Of course it's easy to dig up any ol' draft from however many years ago and say who hit and who missed, but looking back at some of the names that came before him, you can't help but laugh at just how absurdly off-the-mark everyone was.
"Just looking at my career from college to here, they wrote me off," Gore told Eric Branch last week. "When Scot McCloughan drafted me, they said he reached on me."
Gore is likely referring to (among others) Sports Illustrated's claim that Gore was the most overrated running back heading into the draft that year.
"And I'm still here, man," Gore said.
His rookie season got off to a modest start as the veteran Barlow was given the lion's share of carries, but it didn't take long for Gore to make a name for himself off the field.
In Week 3, the 49ers hosted the Dallas Cowboys and held a comfortable two-possession lead heading into the fourth quarter. But San Francisco's slapdash defense unraveled, allowing 15 unanswered points before falling to Dallas, 34-31. After the game, Gore walked into the players' parking lot to find his teammates cracking jokes and laughing. Heartbroken, Gore burst into tears, struggling to understand how his team could treat defeat with such levity.
For Gore, football was his life, and winning meant everything, but maybe not for the reasons you might expect. Not for money, or glory, or accolades, but to honor his team and his legacy.
"When they mention my name, they'll mention me as a football player. Not just being a running back. A football player," Gore said. "And my teammates respect me. This organization respects me. My coaches respect me - the way I come to work, practice and play.
"Like I said, if I'm not here next year, I know that I gave it my all here. I know they will say this guy gave our organization his all."
It was only with the unconditional love and support of his mother that Gore was able to become the football player - the man - that he is today.
On September 16, 2007, Gore prepared for a game against the St. Louis Rams. Per tradition, his mother would call him before each game but she never did that day. She succumbed to her kidney disease and passed away earlier that week at the age of 46.
"When that happened, that day, when that time came, and I didn't get the call," Gore later said, "I just busted out and cried and cried and cried."
He scored two touchdowns in the 49ers' 17-16 victory over the Rams.
"I had a pretty good game that day," Gore said. His second score came on a 43-yard burner in the third quarter. "I think she came on the field with me. I had a crazy run. I don't know how I broke all the tackles and scored the winning touchdown."
This is Gore's tenth year in San Francisco, and in those ten years, he has done more than enough to earn the distinction of being one of the franchise's all-time greats. He has been named to five Pro Bowls, captured an NFC rushing title, and is currently the 49ers' all-time rushing leader for yards and touchdowns. Most recently, he became only the 29th player in league history to record 10,000 rushing yards.
But he is still chasing the only thing that he wants the most - a world championship. He came close after San Francisco's miracle 2012 season, but when the clock hit zero, purple and gold confetti rained down inside the Mercedes-Benz Superdome.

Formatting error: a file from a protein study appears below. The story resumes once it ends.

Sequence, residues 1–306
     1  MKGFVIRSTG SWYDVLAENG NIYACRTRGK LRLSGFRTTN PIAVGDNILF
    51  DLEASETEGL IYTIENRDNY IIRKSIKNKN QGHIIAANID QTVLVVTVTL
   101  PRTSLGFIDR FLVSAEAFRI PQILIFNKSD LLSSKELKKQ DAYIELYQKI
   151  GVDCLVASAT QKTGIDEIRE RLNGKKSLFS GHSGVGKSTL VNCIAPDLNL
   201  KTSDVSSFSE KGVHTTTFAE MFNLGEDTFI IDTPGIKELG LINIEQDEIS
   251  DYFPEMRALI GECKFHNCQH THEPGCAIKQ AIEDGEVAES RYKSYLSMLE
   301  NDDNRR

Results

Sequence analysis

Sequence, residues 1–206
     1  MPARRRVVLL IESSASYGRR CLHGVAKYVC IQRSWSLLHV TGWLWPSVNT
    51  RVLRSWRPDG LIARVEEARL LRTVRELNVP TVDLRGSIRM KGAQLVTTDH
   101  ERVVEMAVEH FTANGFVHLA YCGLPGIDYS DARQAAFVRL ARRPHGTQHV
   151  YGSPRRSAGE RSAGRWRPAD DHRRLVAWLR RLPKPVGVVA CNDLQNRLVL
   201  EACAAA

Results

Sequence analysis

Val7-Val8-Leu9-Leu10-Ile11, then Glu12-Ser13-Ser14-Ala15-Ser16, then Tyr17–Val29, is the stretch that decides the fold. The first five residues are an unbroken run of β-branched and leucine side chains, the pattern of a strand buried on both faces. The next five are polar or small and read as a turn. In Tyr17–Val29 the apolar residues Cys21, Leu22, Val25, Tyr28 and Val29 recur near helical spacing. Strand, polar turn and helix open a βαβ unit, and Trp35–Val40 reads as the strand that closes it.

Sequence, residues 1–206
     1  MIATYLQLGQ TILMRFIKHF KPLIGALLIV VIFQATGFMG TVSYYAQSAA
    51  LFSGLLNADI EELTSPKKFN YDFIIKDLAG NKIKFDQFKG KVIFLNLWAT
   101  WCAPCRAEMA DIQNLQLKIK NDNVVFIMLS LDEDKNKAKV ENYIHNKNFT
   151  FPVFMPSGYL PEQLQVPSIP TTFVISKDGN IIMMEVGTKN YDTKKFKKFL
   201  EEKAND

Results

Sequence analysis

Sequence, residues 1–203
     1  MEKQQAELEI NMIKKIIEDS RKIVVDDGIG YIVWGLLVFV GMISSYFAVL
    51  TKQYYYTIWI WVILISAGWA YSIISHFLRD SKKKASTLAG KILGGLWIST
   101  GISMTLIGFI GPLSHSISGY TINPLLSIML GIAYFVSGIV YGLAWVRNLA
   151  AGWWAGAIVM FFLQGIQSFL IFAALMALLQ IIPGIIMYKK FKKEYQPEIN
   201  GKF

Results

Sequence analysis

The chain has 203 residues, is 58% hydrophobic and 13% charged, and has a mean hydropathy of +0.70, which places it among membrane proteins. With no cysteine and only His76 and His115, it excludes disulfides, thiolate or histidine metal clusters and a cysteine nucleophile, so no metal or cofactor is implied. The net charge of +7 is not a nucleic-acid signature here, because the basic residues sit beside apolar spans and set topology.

The inconvenient truth is this: we may very well be seeing Frank Gore's last days as a San Francisco 49er. He knows this. Gore is in the last year of a contract set to expire after this Sunday's game against the Arizona Cardinals.
General manager Trent Baalke has gone on record as saying the 49ers would gladly welcome him back, but the front office has yet to make a formal offer.
"He understands what he means to this organization," Baalke said. "He would certainly like to be back, and we would certainly like to have him back. Now, whether we can make that a reality or not, time will tell."
Gore's stance, which shouldn't be a surprise to any fan of the team, is reciprocal.
"Hopefully, the 49ers bring me back, and I have a chance to get [a Super Bowl title] with the team that drafted me," Gore said. "If not, hopefully I'll get the opportunity to see what teams have a chance to get something I've always wanted - and that's a ring. But I would love to get it here, though."
Based on statistical accomplishments alone, Gore is undisputedly one of the greatest 49ers of all time. But I believe his character is what truly endears him to the Faithful. He's genuine, humble, and kind-hearted - we all know this. And for a sport that has been so recently marred by criminal behavior, Gore's brand of authentic, sincere compassion is a welcome breath of fresh air. When the fans suffered through the bad times, so did he. When the fans finally saw success, he celebrated with us.
"The fans, they are happy, and I'm happy for them," Gore said in an interview back in 2011, during San Francisco's turnaround season. "There's been some rough years, and they've always been there, and now we're doing something really great for them."
To put it plainly, he actually cares, and we can tell. How many of today's athletes can you say that about with a straight face?
"Basically, this is my home. I was a 21-year-old kid when I first got drafted here," Gore said. "I love the fans. I put my work here. I stamped my name here. The great years, the bad years - you look at all that.
"I would love to come back here. My first option is to be a Niner for life."
Gore has been the face of this franchise for the last decade, so it is a bit of poetic irony that his future with the team is as murky as the general direction of the organization.
Regardless of where he ends up next season, he should not only be remembered, but revered as one of the greatest ever, right next to Joe Montana, Steve Young, Jerry Rice, and other 49er legends.
He deserves nothing less.